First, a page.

I think you may be overthinking this a bit..
When using reported speech (but not a literal quotation), in general, you should describe the speech based on what is true relative to the current point in time (the point in time when it's being reported, not the point in time when it was spoken). So if the person speaking was talking about something that actually happened (or was to happen) in the past, then you should use a past tense for the reported speech. If they were talking about something that is still true now, or is still expected to happen in the future, then you should use present or future tenses.
Basically, if you can take off the "He said" and it still makes sense, then it's probably right.
He said he likes you. (--> He likes you.)
This says that (he said) he liked you when he said it, but it's also something that, as far as you know, is still true now, in the present (he also still likes you).
He said he liked you. (--> He liked you.)
This says that he liked you in the past, but he might not feel that way anymore.
He said he's finished studying. (--> He's finished studying.)
This implies that he's still in the state of having "finished studying" now. You might use this if it was something he just said a moment ago, so it still applies now. It would probably seem strange if he'd said it some time ago, though, because usually states like that don't last for a long time.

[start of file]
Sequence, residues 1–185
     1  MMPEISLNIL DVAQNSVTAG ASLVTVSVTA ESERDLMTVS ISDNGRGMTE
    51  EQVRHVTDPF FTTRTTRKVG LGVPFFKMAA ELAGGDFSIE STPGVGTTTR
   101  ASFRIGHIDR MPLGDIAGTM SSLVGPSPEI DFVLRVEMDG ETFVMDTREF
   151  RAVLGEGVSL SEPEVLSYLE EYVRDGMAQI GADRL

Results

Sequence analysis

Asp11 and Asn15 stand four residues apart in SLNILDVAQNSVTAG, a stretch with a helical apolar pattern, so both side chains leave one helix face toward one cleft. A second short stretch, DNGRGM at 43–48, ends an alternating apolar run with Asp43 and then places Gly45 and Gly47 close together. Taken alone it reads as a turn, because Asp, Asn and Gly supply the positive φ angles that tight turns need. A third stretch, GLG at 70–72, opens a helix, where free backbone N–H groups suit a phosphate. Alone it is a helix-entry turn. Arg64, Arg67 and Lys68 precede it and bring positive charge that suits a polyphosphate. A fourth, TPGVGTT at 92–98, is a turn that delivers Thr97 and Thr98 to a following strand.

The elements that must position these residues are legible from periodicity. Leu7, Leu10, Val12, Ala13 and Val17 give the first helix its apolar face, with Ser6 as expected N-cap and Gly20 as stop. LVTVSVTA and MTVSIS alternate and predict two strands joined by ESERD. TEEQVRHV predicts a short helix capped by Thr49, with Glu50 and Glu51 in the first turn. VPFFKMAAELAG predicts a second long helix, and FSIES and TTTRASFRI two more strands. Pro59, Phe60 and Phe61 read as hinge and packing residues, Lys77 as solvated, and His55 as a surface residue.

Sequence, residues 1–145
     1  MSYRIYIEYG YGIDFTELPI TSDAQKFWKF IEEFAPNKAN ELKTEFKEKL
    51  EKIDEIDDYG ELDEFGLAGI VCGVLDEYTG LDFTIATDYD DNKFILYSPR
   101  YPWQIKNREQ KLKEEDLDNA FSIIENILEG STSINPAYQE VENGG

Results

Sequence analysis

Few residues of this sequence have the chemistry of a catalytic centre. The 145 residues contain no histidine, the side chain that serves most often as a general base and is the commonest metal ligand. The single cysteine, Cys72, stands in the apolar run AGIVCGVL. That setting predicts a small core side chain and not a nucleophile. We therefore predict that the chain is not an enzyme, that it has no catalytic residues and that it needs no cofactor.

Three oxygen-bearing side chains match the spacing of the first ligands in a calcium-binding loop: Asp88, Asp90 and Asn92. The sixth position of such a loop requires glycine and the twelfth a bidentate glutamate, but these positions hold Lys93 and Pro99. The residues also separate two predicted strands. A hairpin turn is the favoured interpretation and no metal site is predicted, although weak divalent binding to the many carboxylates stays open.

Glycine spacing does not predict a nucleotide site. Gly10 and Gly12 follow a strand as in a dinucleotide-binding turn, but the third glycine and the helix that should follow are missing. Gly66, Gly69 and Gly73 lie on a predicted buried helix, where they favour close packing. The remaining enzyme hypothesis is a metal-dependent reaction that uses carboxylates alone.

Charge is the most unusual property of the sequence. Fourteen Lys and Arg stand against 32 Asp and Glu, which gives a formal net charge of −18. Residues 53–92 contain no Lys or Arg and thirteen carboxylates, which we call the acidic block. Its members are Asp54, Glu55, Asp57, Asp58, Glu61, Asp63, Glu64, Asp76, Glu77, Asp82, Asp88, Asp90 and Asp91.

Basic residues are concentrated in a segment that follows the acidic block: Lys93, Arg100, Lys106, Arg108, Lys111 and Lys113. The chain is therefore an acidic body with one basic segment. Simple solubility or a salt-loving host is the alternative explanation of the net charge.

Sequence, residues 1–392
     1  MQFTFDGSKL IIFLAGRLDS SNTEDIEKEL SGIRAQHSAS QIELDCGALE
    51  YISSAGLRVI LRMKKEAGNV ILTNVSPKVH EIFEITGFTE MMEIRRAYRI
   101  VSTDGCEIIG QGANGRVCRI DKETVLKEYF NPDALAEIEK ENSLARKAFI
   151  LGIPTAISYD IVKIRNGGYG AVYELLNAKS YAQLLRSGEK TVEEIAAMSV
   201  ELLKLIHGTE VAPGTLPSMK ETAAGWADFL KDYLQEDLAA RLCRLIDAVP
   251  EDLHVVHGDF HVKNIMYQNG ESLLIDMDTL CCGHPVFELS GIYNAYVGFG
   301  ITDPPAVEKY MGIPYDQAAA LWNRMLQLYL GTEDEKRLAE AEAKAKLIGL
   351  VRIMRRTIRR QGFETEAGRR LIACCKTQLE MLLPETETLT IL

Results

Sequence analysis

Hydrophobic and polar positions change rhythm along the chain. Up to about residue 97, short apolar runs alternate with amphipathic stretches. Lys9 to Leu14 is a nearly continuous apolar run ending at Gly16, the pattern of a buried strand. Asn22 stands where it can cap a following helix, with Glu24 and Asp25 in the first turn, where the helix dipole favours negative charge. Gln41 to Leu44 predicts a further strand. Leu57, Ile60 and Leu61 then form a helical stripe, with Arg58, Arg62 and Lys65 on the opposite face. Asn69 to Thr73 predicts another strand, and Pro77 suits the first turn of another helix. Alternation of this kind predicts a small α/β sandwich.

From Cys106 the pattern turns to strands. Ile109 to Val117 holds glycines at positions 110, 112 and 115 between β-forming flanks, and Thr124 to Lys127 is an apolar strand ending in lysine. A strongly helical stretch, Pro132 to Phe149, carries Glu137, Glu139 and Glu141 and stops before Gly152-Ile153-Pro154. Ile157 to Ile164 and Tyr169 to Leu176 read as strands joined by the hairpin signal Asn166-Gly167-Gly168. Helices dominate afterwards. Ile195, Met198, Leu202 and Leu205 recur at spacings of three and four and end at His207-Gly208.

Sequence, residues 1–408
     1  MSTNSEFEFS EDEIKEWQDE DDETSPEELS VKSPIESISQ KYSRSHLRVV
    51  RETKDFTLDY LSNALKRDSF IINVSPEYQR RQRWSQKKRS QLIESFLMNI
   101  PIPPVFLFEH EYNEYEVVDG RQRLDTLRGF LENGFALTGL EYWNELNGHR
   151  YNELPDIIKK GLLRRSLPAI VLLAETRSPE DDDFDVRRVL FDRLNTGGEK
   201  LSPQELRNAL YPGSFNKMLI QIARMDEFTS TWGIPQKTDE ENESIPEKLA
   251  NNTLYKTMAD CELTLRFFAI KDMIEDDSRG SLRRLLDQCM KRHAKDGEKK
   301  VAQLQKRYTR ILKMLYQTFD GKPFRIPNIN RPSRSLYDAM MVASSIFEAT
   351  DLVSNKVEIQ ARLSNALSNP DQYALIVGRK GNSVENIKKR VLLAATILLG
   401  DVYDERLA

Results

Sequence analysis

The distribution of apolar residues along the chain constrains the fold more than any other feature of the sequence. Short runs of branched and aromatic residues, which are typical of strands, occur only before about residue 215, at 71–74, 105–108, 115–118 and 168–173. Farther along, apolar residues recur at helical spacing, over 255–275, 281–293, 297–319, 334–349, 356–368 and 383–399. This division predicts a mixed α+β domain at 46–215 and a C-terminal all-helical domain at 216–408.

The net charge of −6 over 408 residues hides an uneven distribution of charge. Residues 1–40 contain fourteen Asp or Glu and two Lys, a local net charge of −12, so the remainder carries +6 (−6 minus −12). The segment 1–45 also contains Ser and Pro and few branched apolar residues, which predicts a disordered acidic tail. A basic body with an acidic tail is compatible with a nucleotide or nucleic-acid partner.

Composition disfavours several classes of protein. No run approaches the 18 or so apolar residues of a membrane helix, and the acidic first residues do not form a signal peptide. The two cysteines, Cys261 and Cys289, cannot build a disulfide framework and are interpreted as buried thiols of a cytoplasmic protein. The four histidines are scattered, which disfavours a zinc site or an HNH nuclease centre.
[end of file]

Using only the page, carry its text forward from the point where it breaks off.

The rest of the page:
He said he'd finished studying. (--> He had finished studying.)
He was in the state of having finished studying then, when he said it. It doesn't necessarily say anything about what state he's in now (when you're reporting it).
He said he will call me the next day, but he didn't! (--> He will call me the next day, but he didn't!)
I think when you remove the "He said" it might be more clear why this sounds strange. You are saying that, according to what he said, he will call you some time in the future (from now), but you're also saying that instead he didn't (in the past), which doesn't make any sense. Assuming the "next day" you're talking about was some point in the past, then the action of calling is something that (should have) happened in the past (relative to now), so it should be past tense in reported speech, the same way it would be in non-reported-speech:
He said he would call me the next day, but he didn't! (--> He would call me the next day, but he didn't!)
This is actually correct, but admittedly we don't usually use "would" like this in a plain statement, so it sounds a little odd without the "He said". Another way to think of this is with something like "was going to" instead of "would", though:
He said he was going to call me the next day, but he didn't! (--> He was going to call me the next day, but he didn't!)